Clarke spent most of their time passing blaming almost anyone else she could think of for the current mess (the Senate for passing a bad bill, the base for not showing up and letting the tea party crowd steal the show, the media for not reporting well, the Republicans for being mean, etc. etc.) Clarke and Weiner betrayed no sense whatsoever that they are now responsible if health care reform dies. Almost every word was about how other people have messed things up.

When the moderator (a local assemblyman, I think) asked for a show of hands, a slight majority was against passing the Senate bill as is. However, in the question period, the pro-Senate bill people were much more vocal. At least four people asked the Representatives to pass the Senate bill with increasing levels of urgency and anger "President Obama could have a bill on his desk on Wednesday morning". The pro-Senate bill group also cheered much more loudly.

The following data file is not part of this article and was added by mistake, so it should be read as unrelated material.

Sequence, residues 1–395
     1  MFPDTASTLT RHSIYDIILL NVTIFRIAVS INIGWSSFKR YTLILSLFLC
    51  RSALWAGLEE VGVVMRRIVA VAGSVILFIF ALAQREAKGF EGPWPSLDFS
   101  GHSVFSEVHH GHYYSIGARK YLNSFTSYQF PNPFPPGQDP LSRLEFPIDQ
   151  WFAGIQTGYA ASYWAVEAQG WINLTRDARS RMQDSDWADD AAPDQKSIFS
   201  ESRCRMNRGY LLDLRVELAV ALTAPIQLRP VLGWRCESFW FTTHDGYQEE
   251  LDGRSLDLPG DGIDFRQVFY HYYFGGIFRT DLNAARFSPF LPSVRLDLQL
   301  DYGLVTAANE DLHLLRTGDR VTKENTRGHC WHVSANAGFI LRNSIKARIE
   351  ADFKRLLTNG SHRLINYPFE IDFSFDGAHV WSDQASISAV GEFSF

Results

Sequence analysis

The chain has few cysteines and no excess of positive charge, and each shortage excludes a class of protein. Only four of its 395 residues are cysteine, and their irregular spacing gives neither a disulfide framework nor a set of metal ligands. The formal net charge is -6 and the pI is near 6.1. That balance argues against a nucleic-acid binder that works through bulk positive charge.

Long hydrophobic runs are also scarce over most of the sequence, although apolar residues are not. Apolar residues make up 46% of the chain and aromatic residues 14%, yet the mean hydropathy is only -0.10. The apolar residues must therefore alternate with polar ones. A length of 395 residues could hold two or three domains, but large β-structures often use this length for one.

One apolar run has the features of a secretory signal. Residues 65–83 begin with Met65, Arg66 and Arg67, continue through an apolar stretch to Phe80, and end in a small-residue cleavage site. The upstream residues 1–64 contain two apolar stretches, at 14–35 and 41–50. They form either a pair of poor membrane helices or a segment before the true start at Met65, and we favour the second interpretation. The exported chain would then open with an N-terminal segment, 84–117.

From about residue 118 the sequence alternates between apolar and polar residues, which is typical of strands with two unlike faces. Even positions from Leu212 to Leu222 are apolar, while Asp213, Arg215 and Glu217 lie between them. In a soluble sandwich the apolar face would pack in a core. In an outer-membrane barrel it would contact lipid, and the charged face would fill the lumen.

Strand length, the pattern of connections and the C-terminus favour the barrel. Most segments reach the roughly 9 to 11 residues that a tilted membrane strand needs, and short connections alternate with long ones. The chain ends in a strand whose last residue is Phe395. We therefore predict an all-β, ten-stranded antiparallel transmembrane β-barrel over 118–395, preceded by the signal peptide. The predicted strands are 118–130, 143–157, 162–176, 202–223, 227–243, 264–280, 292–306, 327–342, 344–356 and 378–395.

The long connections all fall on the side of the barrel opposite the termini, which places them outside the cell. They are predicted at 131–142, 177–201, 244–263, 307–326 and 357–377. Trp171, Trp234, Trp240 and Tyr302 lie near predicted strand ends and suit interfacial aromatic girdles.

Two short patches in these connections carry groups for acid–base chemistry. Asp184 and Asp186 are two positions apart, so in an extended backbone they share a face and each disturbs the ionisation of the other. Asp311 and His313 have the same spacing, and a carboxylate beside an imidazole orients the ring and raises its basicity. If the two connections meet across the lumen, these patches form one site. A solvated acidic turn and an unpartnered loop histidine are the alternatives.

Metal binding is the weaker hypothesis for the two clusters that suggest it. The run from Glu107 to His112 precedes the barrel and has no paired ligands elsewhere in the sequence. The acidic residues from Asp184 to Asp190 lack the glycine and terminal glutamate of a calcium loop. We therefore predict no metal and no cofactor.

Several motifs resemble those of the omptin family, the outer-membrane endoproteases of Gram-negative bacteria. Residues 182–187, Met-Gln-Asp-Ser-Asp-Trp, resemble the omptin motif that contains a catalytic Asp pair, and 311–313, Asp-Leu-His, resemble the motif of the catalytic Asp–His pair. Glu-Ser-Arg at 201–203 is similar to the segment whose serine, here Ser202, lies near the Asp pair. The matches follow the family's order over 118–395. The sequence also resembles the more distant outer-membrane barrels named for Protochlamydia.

Here were my main takeways:
1. House Dems (or at least Clarke and Weiner) don't seem to understand that not doing anything is not an option. Neither of them said anything remotely close to "we will pass health care reform this year".

2. Weiner and Clarke were both really upset that the Medicaid provisions would supposedly destroy the New York state budget. Although Weiner ranted about how the Senate bill was a give away to insurance companies, the Medicaid issues seems like it might be the only one that isn't negotiable.

3. On the other hand, nobody said anything about the excise tax as far as I can remember.

4. These people (perhaps because they are from safe districts) seem have no idea what an electoral disaster it will be if the Dems don't pass any serious health care reform.

5. House Dems are so mad at the Senate that it is clouding their political judgment.